The Court may exercise subject matter jurisdiction over this action pursuant to 28 U.S.C. § 1332(a). See RTC I, 981 F. Supp. at 338 & nn.3-4.
II. Standard on Summary Judgment
A party seeking summary judgment must "show that there is no genuine issue as to any material fact and that the moving party is entitled to judgment as a matter of law." Fed. R. Civ. P. 56(c); see, e.g., Orson, Inc. v. Miramax Film Corp., 79 F.3d 1358, 1366 (3d Cir. 1996); Healy v. New York Life Ins. Co., 860 F.2d 1209, 1219 n.3 (3d Cir. 1988), cert. denied, 490 U.S. 1098, 104 L. Ed. 2d 1004, 109 S. Ct. 2449 (1989); Hersh v. Allen Prod. Co., 789 F.2d 230, 232 (3d Cir. 1986).
In deciding whether there is a disputed issue of material fact, the Court must view the underlying facts and draw all reasonable inferences in favor of the non-moving party. See, e.g., Pennsylvania Coal Ass'n v. Babbitt, 63 F.3d 231, 236 (3d Cir. 1995); Hancock Indus. v. Schaeffer, 811 F.2d 225, 231 (3d Cir. 1987). The threshold inquiry is whether there are "any genuine factual issues that properly can be resolved only by a finder of fact because they may reasonably be resolved in favor of either party." Anderson v. Liberty Lobby, Inc., 477 U.S. 242, 250, 91 L. Ed. 2d 202, 106 S. Ct. 2505 (1986) (noting that no issue for trial exists unless there is sufficient evidence favoring the nonmoving party for a jury to return a verdict in its favor).
In deciding whether triable issues of fact exist, Rule 56(e) of the Federal Rules of Civil Procedure provides, in relevant part:
When a motion for summary judgment is made and supported as provided in this rule, an adverse party may not rest upon the mere allegations or denials of the adverse party's pleading, but the adverse party's response, by affidavits or as otherwise provided in this rule, must set forth specific facts showing that there is a genuine issue for trial. If the adverse party does not so respond, summary judgment, if appropriate, shall be entered against the adverse party.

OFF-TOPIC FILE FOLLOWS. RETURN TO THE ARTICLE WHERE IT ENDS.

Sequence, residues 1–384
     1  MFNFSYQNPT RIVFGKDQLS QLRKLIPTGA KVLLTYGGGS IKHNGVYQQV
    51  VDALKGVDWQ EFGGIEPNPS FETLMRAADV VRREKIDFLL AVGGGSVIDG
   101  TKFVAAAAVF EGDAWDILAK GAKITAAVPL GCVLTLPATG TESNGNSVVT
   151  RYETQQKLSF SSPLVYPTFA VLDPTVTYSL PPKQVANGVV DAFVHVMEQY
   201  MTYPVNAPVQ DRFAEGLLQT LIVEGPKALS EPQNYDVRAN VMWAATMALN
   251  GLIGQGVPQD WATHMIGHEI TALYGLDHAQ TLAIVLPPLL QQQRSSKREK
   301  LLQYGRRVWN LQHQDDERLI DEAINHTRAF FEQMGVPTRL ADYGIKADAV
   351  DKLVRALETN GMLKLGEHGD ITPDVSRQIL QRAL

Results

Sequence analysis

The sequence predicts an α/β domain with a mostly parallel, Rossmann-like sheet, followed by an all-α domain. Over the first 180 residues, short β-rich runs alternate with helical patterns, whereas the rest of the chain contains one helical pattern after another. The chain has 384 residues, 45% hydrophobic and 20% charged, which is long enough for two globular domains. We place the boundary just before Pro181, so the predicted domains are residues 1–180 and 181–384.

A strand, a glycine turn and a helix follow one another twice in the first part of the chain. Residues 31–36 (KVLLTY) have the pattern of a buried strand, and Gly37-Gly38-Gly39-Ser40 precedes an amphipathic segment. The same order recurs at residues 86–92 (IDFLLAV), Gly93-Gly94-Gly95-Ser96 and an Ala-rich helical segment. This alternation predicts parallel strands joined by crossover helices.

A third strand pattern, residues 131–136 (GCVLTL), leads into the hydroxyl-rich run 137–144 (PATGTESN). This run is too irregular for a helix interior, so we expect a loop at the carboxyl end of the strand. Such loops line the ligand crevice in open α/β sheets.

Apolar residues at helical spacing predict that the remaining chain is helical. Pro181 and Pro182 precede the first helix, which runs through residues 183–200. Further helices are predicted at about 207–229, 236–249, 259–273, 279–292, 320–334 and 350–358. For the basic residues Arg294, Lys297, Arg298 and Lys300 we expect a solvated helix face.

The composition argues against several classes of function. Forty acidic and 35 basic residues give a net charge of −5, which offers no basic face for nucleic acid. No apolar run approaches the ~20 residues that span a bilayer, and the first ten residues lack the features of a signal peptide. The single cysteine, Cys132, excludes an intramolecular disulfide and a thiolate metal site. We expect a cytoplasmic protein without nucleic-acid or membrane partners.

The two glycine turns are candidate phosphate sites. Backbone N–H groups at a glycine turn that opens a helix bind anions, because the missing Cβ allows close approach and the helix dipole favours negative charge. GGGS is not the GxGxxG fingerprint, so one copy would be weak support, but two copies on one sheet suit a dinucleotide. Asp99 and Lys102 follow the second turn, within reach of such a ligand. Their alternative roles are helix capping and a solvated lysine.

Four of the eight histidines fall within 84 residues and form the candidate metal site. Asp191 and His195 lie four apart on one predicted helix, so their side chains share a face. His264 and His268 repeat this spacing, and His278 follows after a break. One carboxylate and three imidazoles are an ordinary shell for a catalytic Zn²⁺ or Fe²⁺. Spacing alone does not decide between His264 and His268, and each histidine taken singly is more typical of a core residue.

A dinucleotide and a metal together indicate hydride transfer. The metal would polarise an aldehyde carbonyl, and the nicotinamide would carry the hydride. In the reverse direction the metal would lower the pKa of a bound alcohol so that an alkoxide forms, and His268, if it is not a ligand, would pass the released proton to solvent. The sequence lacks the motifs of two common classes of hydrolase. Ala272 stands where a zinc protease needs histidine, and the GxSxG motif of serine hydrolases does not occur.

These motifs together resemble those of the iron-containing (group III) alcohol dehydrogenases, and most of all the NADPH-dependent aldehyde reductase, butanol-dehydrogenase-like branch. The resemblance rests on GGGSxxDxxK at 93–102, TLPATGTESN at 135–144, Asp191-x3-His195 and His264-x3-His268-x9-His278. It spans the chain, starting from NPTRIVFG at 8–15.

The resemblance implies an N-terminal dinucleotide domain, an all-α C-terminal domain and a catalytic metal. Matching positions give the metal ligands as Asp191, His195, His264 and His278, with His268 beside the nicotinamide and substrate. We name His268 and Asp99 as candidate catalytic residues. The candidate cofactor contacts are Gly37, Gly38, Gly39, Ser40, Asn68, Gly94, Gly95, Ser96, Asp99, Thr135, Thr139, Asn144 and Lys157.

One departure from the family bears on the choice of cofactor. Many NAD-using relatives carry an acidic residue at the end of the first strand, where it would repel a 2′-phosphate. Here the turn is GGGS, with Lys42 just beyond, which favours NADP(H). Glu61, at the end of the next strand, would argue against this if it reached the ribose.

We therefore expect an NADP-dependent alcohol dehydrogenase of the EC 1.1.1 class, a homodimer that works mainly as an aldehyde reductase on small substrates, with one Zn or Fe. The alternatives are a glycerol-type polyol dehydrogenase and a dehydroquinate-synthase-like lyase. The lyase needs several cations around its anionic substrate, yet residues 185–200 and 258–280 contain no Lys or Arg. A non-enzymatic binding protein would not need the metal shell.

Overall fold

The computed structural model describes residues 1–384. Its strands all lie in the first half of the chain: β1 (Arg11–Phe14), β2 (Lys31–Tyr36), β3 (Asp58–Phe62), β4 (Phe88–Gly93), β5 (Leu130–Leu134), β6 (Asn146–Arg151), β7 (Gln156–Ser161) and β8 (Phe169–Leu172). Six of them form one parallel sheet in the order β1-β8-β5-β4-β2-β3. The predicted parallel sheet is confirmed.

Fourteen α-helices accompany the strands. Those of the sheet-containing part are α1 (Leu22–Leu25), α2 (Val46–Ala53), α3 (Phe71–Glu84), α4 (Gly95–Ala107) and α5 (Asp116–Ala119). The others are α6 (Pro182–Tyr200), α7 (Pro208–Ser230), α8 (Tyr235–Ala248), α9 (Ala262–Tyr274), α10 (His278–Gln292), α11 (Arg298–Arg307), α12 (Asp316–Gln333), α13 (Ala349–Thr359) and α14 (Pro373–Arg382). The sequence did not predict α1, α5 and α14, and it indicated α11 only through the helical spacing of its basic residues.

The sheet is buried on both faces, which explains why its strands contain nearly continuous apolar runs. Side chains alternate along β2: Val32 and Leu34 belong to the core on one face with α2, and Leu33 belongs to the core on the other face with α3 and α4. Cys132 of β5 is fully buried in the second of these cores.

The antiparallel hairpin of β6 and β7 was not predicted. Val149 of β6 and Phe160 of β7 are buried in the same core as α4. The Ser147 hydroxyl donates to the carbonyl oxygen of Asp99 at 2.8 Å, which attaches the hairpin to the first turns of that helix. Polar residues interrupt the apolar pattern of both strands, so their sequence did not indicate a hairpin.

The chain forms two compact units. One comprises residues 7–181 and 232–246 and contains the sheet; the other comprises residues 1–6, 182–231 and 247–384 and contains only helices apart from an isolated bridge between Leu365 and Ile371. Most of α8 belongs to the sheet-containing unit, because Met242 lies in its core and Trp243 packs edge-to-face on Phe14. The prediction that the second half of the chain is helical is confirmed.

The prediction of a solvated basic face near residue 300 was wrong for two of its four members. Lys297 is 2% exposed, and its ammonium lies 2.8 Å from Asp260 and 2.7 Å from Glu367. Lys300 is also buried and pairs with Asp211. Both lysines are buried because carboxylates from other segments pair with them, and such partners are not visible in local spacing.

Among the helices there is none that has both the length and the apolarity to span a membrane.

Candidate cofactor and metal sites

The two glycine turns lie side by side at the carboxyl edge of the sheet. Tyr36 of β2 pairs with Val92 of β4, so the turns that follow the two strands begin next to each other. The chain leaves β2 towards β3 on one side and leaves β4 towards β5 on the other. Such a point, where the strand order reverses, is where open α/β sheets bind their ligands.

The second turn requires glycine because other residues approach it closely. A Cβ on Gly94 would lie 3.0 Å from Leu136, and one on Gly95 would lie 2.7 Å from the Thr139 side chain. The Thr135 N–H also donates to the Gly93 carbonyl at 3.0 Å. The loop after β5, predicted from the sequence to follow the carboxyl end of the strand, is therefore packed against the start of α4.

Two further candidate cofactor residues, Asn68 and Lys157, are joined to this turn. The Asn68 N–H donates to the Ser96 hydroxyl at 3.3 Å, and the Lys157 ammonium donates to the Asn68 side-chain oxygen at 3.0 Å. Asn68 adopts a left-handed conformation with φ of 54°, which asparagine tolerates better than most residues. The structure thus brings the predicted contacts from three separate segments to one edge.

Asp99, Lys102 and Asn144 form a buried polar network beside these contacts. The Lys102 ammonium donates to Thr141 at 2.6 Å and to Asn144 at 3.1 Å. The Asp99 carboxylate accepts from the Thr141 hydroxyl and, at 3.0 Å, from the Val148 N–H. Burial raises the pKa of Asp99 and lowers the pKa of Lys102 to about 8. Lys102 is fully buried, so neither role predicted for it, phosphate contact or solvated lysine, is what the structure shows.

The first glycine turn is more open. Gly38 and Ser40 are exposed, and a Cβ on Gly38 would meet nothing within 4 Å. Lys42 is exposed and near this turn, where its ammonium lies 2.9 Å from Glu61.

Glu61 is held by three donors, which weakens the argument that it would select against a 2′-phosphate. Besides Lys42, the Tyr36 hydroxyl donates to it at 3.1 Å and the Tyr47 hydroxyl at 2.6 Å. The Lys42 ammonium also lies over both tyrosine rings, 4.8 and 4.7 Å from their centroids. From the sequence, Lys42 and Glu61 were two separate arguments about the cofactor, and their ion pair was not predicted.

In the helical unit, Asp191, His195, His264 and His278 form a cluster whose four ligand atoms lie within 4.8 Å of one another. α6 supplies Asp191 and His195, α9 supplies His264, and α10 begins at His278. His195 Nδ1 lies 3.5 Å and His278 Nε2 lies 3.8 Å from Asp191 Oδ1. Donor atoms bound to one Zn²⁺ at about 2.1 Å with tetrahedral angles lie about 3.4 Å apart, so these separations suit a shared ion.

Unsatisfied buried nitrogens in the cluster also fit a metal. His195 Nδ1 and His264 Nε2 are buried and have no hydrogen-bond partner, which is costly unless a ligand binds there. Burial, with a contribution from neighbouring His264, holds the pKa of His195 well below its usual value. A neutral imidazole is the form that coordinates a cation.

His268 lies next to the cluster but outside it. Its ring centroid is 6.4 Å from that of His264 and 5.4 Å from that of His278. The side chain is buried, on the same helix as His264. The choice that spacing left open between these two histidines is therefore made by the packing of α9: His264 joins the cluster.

Fed. R. Civ. P. 56(e). The rule does not increase or decrease a party's ultimate burden of proof on a claim. Rather, "the determination of whether a given factual dispute requires submission to a jury must be guided by the substantive evidentiary standards that apply to the case." Anderson, 477 U.S. at 255-56.
Under the rule, a movant must be awarded summary judgment on all properly supported issues identified in its motion, except those for which the non-moving party has provided evidence to show that a question of material fact remains. Put another way, once the moving party has properly supported its showing of no triable issue of fact and of an entitlement to judgment as a matter of law, for example, with affidavits, which may be "supplemented . . . by depositions, answers to interrogatories, or further affidavits," id., "its opponent must do more than simply show that there is some metaphysical doubt as to material facts." Matsushita Elec. Indus. Co. v. Zenith Radio Corp., 475 U.S. 574, 586, 89 L. Ed. 2d 538, 106 S. Ct. 1348 (1986); see also Anderson, 477 U.S. at 247-48 ("by its very terms, this standard provides that the mere existence of some alleged factual dispute between the parties will not defeat an otherwise properly supported motion . . . ; the requirement is that there be no genuine issue of material fact") (emphasis in original).